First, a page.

The New Jersey Historic Trust’s mission is to advance historic preservation in New Jersey for the benefit of future generations through education, stewardship and financial investment programs that save our heritage and strengthen our communities.
For information on Sandy Disaster Relief Grants for Historic Properties, visit www.njht.org/resources/sandy
New Jersey Historic Trust Awards Heritage Tourism GrantsCape May County Historical & Genealogical Society will use Grants to Develop and Promote Visitor-Ready Sites
TRENTON, N.J. – The New Jersey Historic Trust recently awarded two grants for heritage tourism projects from the “Discover NJ History” License Plate Fund. The Medford Historical Society will receive $5,000 to develop a tour highlighting the life of Dr. James Still, a 19th century African-American physician, that will incorporate several historic sites related to Dr. Still and his family. Another $5,000 grant will go to the Cape May County Historical & Genealogical Society to help create a “passport” visitor program in which five historic sites will participate.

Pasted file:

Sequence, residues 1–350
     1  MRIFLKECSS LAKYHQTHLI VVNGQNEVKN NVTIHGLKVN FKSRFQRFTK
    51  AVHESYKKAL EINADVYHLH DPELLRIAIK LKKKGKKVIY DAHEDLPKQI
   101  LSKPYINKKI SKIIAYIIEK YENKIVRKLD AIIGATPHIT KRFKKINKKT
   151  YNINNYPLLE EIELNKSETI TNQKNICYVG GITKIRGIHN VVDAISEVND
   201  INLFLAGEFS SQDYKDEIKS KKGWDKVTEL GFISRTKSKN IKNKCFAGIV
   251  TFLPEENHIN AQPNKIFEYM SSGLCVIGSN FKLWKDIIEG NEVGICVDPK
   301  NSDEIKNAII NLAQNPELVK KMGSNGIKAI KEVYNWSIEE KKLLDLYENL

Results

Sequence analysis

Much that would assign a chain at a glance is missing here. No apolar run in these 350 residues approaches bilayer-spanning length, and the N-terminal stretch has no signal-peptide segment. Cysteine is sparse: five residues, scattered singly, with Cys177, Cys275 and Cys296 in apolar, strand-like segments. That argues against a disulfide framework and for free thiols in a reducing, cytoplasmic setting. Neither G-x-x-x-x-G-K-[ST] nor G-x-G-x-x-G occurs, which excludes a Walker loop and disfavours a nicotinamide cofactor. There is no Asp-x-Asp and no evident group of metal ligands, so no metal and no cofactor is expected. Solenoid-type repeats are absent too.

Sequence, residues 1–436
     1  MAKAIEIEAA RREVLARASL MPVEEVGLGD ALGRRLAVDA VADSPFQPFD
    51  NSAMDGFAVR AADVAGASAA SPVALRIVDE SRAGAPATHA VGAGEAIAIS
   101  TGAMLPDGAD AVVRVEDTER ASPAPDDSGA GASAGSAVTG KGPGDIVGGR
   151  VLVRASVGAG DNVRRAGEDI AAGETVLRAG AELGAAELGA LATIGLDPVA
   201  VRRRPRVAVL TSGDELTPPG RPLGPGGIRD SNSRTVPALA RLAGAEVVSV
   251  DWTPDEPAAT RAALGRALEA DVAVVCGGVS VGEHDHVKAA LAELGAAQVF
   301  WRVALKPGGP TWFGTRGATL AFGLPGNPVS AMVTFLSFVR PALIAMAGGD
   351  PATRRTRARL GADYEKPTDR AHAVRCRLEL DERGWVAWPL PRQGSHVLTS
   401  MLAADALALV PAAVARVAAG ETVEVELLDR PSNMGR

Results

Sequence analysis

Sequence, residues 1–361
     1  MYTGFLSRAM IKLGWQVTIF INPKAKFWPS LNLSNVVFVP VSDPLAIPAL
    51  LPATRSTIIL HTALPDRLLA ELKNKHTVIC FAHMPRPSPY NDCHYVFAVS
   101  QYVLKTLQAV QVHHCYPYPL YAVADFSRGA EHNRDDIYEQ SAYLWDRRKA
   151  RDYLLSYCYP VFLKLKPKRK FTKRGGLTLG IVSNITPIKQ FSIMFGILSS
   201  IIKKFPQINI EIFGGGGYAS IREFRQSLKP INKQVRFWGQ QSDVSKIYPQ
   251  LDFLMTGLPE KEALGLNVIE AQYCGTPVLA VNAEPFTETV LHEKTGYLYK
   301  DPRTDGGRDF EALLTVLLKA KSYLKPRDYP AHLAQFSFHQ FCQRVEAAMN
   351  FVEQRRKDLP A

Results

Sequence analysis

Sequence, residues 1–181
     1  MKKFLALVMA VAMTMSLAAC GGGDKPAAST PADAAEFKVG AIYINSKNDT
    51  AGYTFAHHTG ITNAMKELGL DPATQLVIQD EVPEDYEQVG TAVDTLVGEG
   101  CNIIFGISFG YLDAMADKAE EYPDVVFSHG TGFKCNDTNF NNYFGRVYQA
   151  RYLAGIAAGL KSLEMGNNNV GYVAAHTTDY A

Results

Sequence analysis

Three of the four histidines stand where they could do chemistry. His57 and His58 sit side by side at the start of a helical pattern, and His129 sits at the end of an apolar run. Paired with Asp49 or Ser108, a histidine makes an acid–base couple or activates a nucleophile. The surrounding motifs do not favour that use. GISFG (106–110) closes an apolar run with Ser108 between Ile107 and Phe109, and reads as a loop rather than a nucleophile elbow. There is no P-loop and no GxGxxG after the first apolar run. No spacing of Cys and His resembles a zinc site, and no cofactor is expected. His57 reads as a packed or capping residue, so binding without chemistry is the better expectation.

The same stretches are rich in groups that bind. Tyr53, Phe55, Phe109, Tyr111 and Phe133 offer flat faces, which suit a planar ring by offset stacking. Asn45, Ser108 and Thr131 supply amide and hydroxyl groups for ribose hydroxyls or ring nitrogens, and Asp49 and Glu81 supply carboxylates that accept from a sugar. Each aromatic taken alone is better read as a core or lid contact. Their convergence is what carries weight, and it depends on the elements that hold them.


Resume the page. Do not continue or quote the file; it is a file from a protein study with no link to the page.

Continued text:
“The Historic Trust is pleased to fund these heritage tourism projects that encourage connections between sites,” said Dorothy P. Guzzo, executive director of the New Jersey Historic Trust. “New Jersey has a rich history and potential for creating visitor experiences that explore cultural, architectural and social themes.”
The License Plate Fund was established at the recommendation of the 2010 Heritage Tourism Master Plan for New Jersey. Since 2012, 14 projects have been awarded grants totaling $48,185.